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I am curious as to what star charts would look like, if instead of scaling the size of dots by apparent magnitude, the size of dots were scaled by actual distance from earth.

It would be nice to preserve familiar constellation lines for reference.

For starters, something like this, but with dots sized by distance might be fun.

enter image description here

A detailed chart analogous to Uranometria 2000.0 might be very interesting, for side by side comparisons:

enter image description here

Can anyone provide some sample charts like I’m looking for?

Update: Following up on James K’s comments, I imagine these star chart would use larger dots for closer stars, and that in the initial stab at this, only stars that are visible to the naked eye (6.5 magnitude) would be charted. (Although I also imagine side-by-side charts of the Uranometria 2000.0 sample page would be interesting too, up to 9.75 magnitude).

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  • $\begingroup$ Issue: does "big" mean close or does "big" mean far? Either way, there are lots of stars that are below naked eye magnitude but "close", and there are lots and lots of stars that are below naked eye magnitude but "far". $\endgroup$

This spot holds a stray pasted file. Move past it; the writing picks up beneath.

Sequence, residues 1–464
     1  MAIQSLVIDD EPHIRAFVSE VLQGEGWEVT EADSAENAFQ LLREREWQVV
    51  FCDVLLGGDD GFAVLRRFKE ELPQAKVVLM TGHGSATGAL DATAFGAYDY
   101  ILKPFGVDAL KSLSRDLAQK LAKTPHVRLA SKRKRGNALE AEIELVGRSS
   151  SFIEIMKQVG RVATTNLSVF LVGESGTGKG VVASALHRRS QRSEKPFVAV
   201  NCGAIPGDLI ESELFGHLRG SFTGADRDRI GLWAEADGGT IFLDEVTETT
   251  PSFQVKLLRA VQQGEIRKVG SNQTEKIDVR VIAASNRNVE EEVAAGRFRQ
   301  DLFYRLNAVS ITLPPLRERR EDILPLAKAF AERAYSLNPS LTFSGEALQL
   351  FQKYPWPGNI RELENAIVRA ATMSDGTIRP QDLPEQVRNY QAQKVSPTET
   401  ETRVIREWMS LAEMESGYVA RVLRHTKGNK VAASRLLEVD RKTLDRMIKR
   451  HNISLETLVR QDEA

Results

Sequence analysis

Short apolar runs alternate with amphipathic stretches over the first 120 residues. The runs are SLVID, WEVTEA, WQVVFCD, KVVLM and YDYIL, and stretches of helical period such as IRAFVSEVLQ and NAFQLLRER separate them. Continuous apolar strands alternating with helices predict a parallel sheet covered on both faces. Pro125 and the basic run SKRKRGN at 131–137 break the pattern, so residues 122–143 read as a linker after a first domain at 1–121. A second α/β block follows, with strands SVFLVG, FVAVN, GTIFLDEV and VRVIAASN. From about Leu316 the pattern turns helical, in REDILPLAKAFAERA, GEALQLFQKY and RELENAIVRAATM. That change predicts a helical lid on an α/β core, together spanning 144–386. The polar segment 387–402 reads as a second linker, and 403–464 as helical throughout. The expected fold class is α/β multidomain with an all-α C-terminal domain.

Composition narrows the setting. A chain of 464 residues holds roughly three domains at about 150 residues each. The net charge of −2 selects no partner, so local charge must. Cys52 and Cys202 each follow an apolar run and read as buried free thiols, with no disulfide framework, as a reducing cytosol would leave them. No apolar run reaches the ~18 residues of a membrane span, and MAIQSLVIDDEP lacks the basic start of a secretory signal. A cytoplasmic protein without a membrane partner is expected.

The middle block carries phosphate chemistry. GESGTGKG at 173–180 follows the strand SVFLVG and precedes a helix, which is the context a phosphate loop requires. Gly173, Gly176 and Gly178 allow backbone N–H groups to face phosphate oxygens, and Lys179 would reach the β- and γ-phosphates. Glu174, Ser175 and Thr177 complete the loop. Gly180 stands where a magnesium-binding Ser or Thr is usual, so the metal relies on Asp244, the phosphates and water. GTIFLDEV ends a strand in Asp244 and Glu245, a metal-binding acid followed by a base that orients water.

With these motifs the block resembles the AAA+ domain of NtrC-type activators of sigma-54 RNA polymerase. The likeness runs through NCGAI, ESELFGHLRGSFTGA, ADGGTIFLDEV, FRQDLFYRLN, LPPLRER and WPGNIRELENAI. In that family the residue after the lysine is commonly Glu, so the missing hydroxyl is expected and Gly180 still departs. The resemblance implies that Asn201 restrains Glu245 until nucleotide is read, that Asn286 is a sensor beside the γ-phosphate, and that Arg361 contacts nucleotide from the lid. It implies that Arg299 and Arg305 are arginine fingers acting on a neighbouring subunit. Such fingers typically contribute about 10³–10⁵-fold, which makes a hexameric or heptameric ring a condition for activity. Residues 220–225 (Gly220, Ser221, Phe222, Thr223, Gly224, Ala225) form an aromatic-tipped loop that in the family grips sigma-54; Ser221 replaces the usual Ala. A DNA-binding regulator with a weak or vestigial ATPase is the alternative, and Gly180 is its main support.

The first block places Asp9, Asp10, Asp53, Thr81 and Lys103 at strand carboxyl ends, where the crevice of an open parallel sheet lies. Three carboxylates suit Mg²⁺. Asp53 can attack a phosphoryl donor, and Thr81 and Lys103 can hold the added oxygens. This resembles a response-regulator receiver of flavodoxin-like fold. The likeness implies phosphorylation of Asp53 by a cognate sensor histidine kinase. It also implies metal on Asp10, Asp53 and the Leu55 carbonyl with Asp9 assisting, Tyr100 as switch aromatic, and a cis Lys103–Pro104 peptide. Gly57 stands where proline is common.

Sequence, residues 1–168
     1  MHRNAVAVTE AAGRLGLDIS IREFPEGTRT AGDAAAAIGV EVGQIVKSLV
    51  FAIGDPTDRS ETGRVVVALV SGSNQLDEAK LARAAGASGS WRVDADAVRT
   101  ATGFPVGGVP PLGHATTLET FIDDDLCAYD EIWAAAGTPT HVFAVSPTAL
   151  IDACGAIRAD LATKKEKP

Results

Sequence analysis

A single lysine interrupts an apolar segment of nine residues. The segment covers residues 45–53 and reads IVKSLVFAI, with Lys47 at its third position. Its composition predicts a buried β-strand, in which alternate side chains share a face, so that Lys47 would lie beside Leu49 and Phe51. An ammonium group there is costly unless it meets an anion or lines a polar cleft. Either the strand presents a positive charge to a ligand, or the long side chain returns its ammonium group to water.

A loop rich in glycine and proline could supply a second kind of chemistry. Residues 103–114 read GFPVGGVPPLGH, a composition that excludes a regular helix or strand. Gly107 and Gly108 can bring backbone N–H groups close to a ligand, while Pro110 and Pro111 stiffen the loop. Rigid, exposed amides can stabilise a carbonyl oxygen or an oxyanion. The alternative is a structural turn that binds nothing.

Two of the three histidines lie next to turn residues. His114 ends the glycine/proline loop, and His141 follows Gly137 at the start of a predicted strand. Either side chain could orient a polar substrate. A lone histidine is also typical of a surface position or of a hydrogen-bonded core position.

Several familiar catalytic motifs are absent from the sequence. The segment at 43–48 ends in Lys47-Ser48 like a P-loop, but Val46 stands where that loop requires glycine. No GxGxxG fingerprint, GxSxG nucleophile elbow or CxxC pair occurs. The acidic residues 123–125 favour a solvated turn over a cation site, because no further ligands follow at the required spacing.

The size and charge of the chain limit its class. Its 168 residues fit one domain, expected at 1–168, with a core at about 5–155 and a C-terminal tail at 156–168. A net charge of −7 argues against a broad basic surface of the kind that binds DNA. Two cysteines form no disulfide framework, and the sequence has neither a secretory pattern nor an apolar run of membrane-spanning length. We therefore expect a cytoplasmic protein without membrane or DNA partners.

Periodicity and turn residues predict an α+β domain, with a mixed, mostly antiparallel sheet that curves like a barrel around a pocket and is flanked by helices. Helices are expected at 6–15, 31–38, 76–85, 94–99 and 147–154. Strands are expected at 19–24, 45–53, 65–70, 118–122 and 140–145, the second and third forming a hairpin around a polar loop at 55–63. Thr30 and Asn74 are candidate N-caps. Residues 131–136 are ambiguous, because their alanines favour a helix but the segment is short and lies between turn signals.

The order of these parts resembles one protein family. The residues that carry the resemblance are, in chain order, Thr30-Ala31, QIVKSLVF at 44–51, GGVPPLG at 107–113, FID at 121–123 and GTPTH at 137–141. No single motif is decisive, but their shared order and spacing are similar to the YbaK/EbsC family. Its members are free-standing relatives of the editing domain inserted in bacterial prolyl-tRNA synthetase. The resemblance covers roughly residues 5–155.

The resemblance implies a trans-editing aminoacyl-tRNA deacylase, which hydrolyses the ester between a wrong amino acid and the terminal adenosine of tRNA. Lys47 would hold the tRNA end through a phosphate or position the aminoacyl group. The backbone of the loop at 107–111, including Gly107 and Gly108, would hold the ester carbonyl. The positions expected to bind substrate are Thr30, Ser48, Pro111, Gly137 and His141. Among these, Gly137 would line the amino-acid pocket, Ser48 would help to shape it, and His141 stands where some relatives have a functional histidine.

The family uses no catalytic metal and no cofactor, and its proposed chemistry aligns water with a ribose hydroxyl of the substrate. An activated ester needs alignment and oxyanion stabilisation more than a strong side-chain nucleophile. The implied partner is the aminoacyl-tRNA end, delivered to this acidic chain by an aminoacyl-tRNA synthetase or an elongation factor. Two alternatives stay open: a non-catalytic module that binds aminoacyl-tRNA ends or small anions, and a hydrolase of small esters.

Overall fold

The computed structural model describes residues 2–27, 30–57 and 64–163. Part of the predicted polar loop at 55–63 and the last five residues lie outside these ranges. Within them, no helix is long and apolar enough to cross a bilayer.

– James K
    Apr 3, 2022 at 20:20
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    $\begingroup$ Bigger issue: what does this achieve? What is the point of this proposed map? $\endgroup$
    – James K
    Apr 3, 2022 at 20:21
  • $\begingroup$ To expand on the comment by @JamesK we have the ability to display and examine star data on easy to access computers now in 3D views and I'm not seeing a modern purpose for such a chart. I can't really see any function beyond curiosity. It's almost like a chart where every star has the same magnitude. $\endgroup$ Apr 3, 2022 at 20:26
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    $\begingroup$ @James K: I can imagine that a chart like this would provide a means to appreciate the vast distances in space, somewhat analogous to how a long line of streetlights fades into the distance. $\endgroup$ Apr 3, 2022 at 20:28
  • $\begingroup$ Actually I think would have to compress distances... Eta Carina is 1500 times further away than proxima centuari, but much brighter in the sky. It's hard to grasp such distances. 3c237 (a quasar, not a star) is 600000000 times further than Prox. Cen. but about the same apparent brightness....can you deal with such differences with only different sized blobs. $\endgroup$
    – James K
    Apr 3, 2022 at 20:38

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